Dogs are affected differently by different kinds of chocolate. For example, here is how much of the following chocolates it would take to poison Chloe, my 20 lb Jack Russell-Beagle mix...
  • White chocolate - 250 lbs would cause signs of poisoning
  • Milk chocolate/Semi-sweet - 1 lb or 4 - 6 candy bars would be poisonous
  • Sweet cocoa - 1/3 lb would be poisonous
  • Baking chocolate - 2 oz would be poisonous
If you suspect your dog (or cat, bird, horse etc.) is showing signs of theobromine poisoning, take it for medical care immediately. Some websites offer tips on how to care for a poisoned animal, but personally, I'd rather leave it to the professionals. If you are looking for emergency animal care in NE NJ, I would recommend Animal Emergency & Referral Associates (love them), otherwise check your local Google search.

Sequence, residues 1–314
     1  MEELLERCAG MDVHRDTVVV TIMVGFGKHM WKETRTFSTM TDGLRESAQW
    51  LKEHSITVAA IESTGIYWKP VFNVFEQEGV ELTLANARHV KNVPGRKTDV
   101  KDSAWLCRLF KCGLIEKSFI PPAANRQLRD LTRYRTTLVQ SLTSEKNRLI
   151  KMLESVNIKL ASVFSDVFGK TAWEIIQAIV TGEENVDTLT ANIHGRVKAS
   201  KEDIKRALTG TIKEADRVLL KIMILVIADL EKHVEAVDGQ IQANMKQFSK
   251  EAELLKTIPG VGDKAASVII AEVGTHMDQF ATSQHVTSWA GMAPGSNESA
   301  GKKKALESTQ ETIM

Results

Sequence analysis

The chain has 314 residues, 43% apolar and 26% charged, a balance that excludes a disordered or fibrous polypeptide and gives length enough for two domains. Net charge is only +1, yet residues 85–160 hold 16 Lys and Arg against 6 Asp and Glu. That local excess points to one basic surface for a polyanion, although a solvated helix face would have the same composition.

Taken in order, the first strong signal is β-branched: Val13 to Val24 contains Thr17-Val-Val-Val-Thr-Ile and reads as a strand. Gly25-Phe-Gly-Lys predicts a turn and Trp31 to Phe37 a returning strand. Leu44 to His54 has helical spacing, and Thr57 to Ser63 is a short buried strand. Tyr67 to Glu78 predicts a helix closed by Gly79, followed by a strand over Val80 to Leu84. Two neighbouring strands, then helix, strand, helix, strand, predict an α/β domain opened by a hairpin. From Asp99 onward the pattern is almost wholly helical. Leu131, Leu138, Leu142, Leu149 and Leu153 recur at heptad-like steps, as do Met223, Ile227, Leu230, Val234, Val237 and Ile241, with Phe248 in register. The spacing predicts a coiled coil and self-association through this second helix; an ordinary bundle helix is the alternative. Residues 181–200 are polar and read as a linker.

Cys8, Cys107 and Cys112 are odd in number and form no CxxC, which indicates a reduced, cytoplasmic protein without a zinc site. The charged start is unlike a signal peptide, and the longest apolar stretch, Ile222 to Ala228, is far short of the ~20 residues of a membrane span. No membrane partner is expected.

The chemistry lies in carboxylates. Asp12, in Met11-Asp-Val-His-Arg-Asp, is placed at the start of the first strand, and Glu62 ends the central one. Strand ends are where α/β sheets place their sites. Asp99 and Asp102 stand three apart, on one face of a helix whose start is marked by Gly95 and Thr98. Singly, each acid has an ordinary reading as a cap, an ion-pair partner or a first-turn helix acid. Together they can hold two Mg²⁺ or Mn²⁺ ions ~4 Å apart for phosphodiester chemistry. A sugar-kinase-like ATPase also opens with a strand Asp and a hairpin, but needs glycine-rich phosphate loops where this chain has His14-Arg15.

Other human foods that are bad for dogs include avocado, macadamia nuts, onions, grapes, raisins, garlic, foods high in fat, salt or artificial sweeteners, and alcoholic beverages...


For more info on dog and cat care visit Pet Place.

Monday, June 22, 2009

Graduates originally wore caps and gowns to keep warm

Graduates originally wore caps and gowns to keep warm. The first university was established back in 12th century England. Back then, higher education was run by the church, which was run by monks and clergy. These clergymen lived in churches - very cold, drafty, castle like churches. To keep warm, they wore... you guessed it... gowns (thick robes) and thus the clothing worn at graduation was created to be like that of the clergy who ran it.